20 September 2007

UN Rejects Taiwan, Again

As predicted, Taiwan's bid to join the United Nations failed during the 62nd Session of the General Assembly. It's the 15th consecutive time that the island nation has submitted a bid and failed.

I've had a couple of readers blasting me for the previous post about this issue. But let me clarify my position on this: 1) Do I think Taiwan should have a seat in the United Nations? Answer: Absolutely. 2) Do I think Taiwan should keep trying? Yes, but only if the conditions are ripe.

Let's face it, Taiwan has a very weak hand to play here. China is one of the five permanent members of the Security Council. Besides a veto power, China also holds a lot of sway over other member nations, including the United States. As long as China is adamantly opposed to Taiwan's membership, then it's just not going to happen.

Part of politics is dealing with reality. Chen Shui-bian knows what the reality is, but he wants to recklessly play with the emotions and hopes of the Taiwanese people. By whipping up this non-starter issue, Chen basically showed that he has nothing else better (or more constructive) to do, then to antagonize China and continue his "de-Sinization" efforts. And by extension, he's ticking off the United States, too.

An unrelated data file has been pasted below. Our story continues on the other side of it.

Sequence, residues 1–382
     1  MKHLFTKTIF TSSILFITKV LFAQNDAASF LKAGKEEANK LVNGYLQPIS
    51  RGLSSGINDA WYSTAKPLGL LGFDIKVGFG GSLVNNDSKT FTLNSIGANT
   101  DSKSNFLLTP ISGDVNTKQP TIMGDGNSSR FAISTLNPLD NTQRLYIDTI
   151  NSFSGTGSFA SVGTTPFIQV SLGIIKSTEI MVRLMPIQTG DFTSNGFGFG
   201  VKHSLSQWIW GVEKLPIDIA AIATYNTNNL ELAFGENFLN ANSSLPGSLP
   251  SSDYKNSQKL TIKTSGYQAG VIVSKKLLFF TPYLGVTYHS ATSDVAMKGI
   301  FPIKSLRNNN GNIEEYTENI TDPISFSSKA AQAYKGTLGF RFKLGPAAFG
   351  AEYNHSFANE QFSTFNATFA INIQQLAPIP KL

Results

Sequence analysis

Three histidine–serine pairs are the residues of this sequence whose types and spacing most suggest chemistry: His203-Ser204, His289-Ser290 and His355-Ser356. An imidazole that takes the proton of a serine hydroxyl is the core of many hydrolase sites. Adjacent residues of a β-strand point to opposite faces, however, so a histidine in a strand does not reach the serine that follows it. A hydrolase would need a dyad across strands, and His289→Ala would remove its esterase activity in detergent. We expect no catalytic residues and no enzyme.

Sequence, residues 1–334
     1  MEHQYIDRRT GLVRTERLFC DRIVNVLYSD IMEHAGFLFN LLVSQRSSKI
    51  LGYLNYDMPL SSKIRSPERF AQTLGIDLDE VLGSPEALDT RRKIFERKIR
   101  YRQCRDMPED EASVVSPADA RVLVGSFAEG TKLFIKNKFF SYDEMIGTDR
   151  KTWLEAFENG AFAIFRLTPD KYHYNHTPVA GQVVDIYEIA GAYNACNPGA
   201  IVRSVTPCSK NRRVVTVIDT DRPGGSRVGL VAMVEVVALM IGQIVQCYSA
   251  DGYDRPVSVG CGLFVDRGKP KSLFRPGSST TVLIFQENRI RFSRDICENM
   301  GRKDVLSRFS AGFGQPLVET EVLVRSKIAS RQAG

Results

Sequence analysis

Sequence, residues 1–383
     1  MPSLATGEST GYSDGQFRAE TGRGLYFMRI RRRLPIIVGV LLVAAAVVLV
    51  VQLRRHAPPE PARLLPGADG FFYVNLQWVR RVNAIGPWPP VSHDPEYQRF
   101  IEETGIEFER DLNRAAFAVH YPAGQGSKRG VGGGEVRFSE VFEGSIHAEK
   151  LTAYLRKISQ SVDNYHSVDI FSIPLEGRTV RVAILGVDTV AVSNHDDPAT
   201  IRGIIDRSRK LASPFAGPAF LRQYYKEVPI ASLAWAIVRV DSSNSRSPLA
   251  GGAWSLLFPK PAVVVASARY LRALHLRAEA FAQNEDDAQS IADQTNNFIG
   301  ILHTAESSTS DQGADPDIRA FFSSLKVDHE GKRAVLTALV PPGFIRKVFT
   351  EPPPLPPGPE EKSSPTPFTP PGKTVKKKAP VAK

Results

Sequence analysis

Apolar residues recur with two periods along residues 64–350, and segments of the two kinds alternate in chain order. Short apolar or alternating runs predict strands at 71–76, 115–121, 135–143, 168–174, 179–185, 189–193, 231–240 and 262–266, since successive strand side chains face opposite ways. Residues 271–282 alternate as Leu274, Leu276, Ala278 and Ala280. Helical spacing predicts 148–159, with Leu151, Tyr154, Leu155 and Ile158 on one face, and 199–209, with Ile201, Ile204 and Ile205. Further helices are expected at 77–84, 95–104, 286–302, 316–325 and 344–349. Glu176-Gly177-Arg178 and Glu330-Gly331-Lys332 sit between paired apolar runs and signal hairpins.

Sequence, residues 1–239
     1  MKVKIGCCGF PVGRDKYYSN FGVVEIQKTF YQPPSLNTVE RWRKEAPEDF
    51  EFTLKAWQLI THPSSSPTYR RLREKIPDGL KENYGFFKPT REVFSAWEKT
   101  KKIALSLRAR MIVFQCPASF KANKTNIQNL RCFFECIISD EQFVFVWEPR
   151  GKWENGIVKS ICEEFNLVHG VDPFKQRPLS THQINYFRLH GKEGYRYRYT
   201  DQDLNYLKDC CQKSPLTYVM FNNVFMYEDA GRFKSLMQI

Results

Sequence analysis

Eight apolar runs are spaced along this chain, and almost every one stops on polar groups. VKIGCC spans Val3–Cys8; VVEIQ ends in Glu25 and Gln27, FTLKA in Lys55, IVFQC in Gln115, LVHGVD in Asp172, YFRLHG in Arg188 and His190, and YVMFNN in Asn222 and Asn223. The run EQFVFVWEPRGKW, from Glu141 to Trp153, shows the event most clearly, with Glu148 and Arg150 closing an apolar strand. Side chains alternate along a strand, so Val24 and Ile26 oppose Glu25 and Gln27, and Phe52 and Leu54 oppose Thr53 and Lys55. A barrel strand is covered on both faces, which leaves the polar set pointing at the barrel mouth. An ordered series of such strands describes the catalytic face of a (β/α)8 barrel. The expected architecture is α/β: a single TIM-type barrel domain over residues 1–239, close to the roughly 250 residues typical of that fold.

Taiwan's UN membership will continue to be just a dream as long as Chen, or any DDP politician holds the presidency of Taiwan. The only chance, and a remote one at that, of Taiwan actually gaining membership in the UN is if the island achieves some normalization of relations with China. That would entail high-level bilateral talks that lead to a more open relationship between the sides.

Until then, Taiwan should stop wasting all this emotional capital on a sure loser. Taiwan has very few allies (24 nations with diplomatic ties, out of 192 UN members) to help its cause, and the U.S. has already shown its displeasure in this latest go-around.

Besides, a UN membership means nothing but paying dues -- and with Taiwan having the world's 16th largest economy, that means a lot of dues. So all that money can go to the pockets of some third-world despot. Taiwan should just be thankful that it's not part of that worthless mess anyway.

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